Kessler Foundation Seeks Volunteers with Spinal Cord Injury for New Study!

June 18, 2018

Kessler Foundation is a research center in West Orange, NJ that specializes in disability research. We are currently seeking individuals with spinal cord injury to participate in a new research study:

Dr. John O'Neill, principal investigator in Spinal Cord Injury research seeks volunteers for a spinal cord injury study. The purpose of this study is to identify ways of enhancing the ...

Horse Care Workshops at Lord Stirling Start June 23

BASKING RIDGE, N.J. — Somerset County Park Commission Lord Stirling Stable is offering Horse Care Workshop 101 for adults and youth seeking to gain experience and confidence around horses through a combination of non-riding activities and hands-on practice.

Horse Care Workshop 101 will be held at Lord Stirling Stable, 256 South Maple Avenue in Basking Ridge, NJ beginning Saturday June ...

Dine at Chipotle in New Providence, June 18, in Support of Covenant House

Support Covenant House by making dinner a selfless act and support a fundraiser that supports Covenant House. Come in to Chipotle at 1260 Springfield Ave. in New Providence on Monday June 18 between 4 and 8 p.m. Click here to print flyer, or show it on your smartphone or tell the cashier you're supporting the cause for 50 percent of proceeds to be donated to Covenant House.

About: ...

Refugee Assistance Partners of NJ to Host World Refugee Day Event

Refugee Assistance Partners (RAP) of New Jersey will be hosting a World Refugee Day program on Wednesday, June 20, 7 pm at Willow Grove Church, 1961 Raritan Rd, Scotch Plains.  RAP, a non-profit, volunteer organization of Union County, recognizes and salutes the tenacity and gifts, skills and talents of refugees worldwide.  Spokesperson, Jill Segulin said, “We recognize the ...

Watchung Borough Mayor and Council Approve Affordable Housing Settlement

June 9, 2018

WATCHUNG, NJ -The Watchung Borough Council voted on Thursday night  to settle its third round affordable housing obligation mandated by the state of New Jersey. Watchung Borough’s immunity from builder's remedy lawsuits  expires on June 30.

 Mayor Stephen Pote was forced to cast the deciding vote after the council deadlocked at 3-3.

Scotch Plains Mayor Al Smith Attends Gun Safety Bills Signing Ceremony with Gov. Murphy in Trenton

June 14, 2018

TRENTON, NJ -- Mayor Al Smith attended a gun safety package bill signing ceremony at the Richard J. Hughes Justice Complex in Trenton on Wednesday with Governor Phil Murphy. Mayor Smith joined a bipartisan group of local and state elected officials, as well as members of Moms Demand Action of Union County, at the event.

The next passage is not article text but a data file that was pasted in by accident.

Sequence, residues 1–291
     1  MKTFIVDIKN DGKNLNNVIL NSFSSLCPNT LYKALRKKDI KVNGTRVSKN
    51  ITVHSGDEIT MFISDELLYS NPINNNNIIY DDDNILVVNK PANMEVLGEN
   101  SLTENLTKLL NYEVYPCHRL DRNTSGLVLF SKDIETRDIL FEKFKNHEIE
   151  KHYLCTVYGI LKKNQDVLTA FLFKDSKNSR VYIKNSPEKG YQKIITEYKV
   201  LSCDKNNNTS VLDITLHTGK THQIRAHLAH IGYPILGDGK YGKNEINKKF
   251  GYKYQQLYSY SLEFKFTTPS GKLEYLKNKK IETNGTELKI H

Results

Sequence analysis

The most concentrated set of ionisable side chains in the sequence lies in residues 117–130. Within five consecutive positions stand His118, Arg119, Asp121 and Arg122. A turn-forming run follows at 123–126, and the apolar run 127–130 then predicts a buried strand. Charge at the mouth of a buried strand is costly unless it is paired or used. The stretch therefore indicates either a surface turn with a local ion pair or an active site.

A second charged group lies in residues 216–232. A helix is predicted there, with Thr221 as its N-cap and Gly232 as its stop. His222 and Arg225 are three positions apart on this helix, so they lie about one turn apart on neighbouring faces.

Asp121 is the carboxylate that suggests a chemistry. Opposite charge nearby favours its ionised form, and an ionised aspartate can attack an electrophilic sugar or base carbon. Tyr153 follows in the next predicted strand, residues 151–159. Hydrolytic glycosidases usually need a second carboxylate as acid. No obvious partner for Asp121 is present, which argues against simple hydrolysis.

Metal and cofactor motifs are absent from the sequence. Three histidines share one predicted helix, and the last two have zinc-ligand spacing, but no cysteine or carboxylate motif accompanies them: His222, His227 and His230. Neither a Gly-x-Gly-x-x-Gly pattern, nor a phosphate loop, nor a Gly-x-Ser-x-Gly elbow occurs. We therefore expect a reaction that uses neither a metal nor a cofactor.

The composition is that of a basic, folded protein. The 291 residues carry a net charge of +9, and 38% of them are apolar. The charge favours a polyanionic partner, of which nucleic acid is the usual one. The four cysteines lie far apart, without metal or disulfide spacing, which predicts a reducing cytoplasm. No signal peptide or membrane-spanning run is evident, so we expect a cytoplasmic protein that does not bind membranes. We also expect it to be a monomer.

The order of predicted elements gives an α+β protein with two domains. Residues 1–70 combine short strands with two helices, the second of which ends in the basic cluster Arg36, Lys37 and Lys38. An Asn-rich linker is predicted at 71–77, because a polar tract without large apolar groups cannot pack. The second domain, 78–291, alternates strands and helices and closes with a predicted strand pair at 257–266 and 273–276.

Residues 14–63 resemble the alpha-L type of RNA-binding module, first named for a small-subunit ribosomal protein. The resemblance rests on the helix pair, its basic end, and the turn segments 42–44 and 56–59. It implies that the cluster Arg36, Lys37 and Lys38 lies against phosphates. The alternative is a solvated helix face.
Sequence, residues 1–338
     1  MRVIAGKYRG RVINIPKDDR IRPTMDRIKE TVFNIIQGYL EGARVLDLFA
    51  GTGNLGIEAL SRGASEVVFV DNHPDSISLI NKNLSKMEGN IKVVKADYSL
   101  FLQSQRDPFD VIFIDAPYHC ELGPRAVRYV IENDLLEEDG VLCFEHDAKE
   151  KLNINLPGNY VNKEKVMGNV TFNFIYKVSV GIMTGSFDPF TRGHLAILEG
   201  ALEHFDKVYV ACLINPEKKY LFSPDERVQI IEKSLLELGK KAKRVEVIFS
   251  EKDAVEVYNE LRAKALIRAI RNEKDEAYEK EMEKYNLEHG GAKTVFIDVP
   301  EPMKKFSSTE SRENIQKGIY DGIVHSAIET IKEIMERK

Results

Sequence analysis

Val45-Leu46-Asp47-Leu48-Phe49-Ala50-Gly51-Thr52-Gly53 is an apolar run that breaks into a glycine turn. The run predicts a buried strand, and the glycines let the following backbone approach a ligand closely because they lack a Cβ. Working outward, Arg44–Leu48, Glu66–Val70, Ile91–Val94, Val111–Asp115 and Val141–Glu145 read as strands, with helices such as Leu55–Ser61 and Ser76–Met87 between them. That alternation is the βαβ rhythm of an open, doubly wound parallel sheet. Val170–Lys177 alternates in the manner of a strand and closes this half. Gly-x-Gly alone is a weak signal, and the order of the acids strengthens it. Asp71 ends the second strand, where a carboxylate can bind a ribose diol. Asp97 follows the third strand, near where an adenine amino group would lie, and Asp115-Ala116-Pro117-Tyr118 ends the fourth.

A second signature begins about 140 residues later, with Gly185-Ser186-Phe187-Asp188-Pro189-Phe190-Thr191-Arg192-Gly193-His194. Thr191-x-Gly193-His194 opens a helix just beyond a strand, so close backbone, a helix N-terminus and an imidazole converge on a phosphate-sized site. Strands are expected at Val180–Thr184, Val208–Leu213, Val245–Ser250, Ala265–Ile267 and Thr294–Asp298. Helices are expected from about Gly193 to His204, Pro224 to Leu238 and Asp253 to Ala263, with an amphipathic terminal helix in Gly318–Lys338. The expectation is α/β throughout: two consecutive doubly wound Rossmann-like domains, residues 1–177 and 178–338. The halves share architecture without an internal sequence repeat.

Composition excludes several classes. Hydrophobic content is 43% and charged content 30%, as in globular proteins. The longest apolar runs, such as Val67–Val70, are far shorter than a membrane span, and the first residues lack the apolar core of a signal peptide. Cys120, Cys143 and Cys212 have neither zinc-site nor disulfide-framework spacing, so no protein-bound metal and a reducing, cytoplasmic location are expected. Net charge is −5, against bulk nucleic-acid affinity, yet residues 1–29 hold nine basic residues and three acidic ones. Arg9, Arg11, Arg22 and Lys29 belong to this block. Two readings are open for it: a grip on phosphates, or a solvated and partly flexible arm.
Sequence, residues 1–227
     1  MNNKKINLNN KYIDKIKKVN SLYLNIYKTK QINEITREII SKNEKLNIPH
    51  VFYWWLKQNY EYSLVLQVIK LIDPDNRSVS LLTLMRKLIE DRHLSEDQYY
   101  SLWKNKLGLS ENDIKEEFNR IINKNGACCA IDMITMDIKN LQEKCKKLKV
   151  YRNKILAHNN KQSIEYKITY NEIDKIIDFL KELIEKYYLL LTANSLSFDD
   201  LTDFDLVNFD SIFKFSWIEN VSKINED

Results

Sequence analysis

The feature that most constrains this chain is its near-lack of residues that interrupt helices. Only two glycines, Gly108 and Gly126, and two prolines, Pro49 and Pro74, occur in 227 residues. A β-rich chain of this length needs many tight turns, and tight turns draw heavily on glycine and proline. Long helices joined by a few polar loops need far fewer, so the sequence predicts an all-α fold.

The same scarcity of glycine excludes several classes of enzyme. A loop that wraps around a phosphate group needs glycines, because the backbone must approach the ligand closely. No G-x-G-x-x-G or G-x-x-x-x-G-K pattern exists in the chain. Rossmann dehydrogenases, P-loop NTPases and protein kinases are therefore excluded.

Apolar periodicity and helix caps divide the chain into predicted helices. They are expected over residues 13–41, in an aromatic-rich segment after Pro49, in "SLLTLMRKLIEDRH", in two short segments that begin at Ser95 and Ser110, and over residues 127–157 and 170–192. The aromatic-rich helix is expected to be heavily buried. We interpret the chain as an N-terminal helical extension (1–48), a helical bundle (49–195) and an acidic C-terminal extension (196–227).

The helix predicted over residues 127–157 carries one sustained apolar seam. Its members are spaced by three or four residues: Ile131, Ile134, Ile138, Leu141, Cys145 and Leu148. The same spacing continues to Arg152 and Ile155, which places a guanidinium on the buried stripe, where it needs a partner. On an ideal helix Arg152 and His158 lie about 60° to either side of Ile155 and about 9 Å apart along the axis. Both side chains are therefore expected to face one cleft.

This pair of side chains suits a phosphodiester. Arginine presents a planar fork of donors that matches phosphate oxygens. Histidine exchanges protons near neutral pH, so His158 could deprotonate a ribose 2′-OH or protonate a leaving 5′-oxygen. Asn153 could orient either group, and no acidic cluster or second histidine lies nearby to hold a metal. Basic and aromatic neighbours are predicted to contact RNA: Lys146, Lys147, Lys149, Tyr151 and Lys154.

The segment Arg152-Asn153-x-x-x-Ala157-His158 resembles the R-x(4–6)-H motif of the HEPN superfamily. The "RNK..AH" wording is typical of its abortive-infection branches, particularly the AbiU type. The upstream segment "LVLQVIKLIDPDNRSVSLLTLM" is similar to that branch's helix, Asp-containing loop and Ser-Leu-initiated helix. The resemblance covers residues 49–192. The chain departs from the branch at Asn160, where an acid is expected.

“As a leader in Sandy Hook Promise, I was happy to accept the ...

Union County Freeholders Support LGBTQ Community with Historical Pride Flag Raising Ceremony

June 4, 2018

ELIZABETH, NJ - The rainbow flag, a symbol of pride and independence fly’s high at the Union County Courthouse in recognition of June as LGBTQ Pride Month. 

This historic event by the Union County Board of Chosen Freeholders, and the Office of LGBTQ Services, Department of Human Services and many others, brought dignitaries and people from all over New Jersey to the steps of the ...

Upcoming Events


Mon, June 18, 4:00 PM

Chipotle, New Providence

Dine at Chipotle in New Providence June 18 in ...

Food & Drink Giving Back

Wed, June 20, 7:30 PM

Chatham United Methodist Church, Chatham

The Masterwork Chorus Launches 19th Summer Sing ...

Arts & Entertainment


Mon, June 25

Summit YMCA, Summit

June 2018 College Tour


Mon, June 25, 9:00 AM


Kids' Critter Camp


Berkeley Heights Here and Now: May Edition

Berkeley Heights Here and Now

How to Design Your Ideal Retirement

Would you like to design your ideal retirement? Where do you begin? First of all, what does retirement mean to you? If you’re in a relationship, does retirement mean the same to you as it does to your partner? Do you know if your “ideal retirement” is affordable or just a pipe dream?

In past generations, retirement planning didn’t involve very much. You stopped work ...